Featured Member

 

The Street Vendor Project

*by Kimberly Lok, PHD Student at Temple University and FCWA Intern*

The Street Vendors Project (SVP) is a member-based organization with nearly 2,000 vendor members working together to ensure the rights of street vendor operators in New York City. In partnership with the Urban Justice Center, a non-profit that provides legal advocacy and representation for marginalized New Yorkers, the Street Vendor Project was founded as a workers center for and by the street vendors of New York City. With over 40 affiliates in the United States, the SVP is also a member of an international alliance of street vendors who promotes solidarity and equal rights for street vendors around the globe.

Launched shortly after September 11th, the project was organized to provide street vendors with the legal support needed to fight New York City’s post-9/11 crackdown that forced many vendor’s off the streets of lower Manhattan.  Street Vendor Project founder Sean Basinski, a long-time street vendor activist, a lawyer and a previous street vendor himself, says, “the relief programs after 9/11 weren’t thinking about vendors” and the “harassment from authorities was intense”.  Basinski notes that vendors were increasingly targeted by both the police and health departments with surprise weekly inspections and aggressively fined for small infractions without a warning, for example, wearing a license inside of a pocket instead of around their neck, or parking a cart more than 18 inches from a curb. Since the Bloomberg administration, this discriminatory and arbitrary treatment against street vendors has become even more commonplace with the maximum fine increased from $250 to a $1,000.

Nearly 20,000 street vendors work across the five boroughs selling everything from soda to t-shirts, hot dogs, flowers and umbrellas. These vendors are enthusiastic entrepreneurs that work hard to make a living to sustain their livelihoods and care for their families. The city’s vendors are as diverse as the city itself. Ninety percent of the vendors are immigrants and people of color from 20 different countries around the world, while 10% are Veterans, with a recent increase of women vendors setting up their own businesses across the outer-boroughs.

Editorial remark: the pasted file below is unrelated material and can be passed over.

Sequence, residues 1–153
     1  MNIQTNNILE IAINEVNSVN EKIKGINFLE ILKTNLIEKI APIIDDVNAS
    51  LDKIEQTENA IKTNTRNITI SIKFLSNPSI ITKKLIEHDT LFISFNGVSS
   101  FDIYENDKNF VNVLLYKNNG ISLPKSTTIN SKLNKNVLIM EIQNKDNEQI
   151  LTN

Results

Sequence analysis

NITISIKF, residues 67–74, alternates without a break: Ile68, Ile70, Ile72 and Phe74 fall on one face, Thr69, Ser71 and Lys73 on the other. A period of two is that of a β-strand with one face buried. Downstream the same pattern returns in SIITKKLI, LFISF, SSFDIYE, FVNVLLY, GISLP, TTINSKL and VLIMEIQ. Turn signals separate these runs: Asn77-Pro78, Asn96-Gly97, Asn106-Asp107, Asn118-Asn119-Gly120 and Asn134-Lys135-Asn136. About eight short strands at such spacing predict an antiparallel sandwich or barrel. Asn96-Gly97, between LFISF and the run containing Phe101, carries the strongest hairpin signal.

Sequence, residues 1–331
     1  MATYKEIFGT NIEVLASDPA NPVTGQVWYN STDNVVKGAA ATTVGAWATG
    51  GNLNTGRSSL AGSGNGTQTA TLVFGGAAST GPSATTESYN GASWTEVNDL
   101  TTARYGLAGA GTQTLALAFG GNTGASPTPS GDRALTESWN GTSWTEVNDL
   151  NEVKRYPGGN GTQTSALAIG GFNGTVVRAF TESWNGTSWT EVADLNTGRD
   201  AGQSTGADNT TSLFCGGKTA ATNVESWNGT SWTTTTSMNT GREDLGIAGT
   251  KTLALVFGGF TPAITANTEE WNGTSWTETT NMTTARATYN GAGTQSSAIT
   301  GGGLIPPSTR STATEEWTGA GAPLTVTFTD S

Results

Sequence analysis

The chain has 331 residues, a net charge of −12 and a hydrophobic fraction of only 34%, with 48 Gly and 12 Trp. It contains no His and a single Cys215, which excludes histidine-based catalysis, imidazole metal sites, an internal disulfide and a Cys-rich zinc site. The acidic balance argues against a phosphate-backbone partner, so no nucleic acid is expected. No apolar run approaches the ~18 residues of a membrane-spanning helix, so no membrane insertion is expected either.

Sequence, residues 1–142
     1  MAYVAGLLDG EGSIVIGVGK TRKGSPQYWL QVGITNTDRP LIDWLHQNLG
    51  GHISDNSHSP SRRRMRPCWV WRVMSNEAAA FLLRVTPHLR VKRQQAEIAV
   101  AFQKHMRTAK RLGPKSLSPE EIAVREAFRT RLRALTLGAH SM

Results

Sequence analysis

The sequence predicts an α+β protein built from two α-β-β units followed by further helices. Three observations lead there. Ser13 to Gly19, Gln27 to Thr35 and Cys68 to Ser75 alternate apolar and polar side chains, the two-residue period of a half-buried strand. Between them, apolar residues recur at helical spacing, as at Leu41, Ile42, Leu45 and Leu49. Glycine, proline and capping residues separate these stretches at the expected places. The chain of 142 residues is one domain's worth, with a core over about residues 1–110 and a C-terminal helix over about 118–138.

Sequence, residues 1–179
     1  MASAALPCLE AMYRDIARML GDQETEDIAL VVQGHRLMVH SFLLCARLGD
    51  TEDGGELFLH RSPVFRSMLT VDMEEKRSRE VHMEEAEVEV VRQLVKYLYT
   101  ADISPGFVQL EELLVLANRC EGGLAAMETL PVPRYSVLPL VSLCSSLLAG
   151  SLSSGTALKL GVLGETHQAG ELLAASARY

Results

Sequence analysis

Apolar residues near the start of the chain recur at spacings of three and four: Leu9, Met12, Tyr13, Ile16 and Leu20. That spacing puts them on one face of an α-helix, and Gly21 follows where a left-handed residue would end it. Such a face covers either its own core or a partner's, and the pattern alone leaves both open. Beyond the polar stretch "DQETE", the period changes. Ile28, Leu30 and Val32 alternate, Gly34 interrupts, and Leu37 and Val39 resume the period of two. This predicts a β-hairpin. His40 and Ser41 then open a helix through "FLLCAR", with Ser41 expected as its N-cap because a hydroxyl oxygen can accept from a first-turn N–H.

As a largely immigrant population, street vendors face numerous challenges to start and operate their business as they try to navigate through the city’s red tape of regulations. The Street Vendors Project provides legal services, educational workshops, English-language programs and a loan program to support its nearly 2000 vendor members. Member meetings, interpreted in five different languages, are held each month to teach vendors how to obtain permits and licenses, set up their business and how to work within the city’s regulatory requirements. The SVP provides legal counsel and support to help members fight unwarranted fines and violations and to ensure that vendors know their rights. Essentially, the Street Vendors Project provides a safe space that promotes solidarity among vendors that allows vendors to voice the challenges they face, collaborate and receive the support they need to be successful entrepreneurs.

The Food Chain Workers Alliance is proud to have the Street Vendors Project as an alliance member and supports their worker solidarity efforts. To stay informed on SVP’s current campaigns, volunteer days and upcoming events, sign up at: http://streetvendor.org/.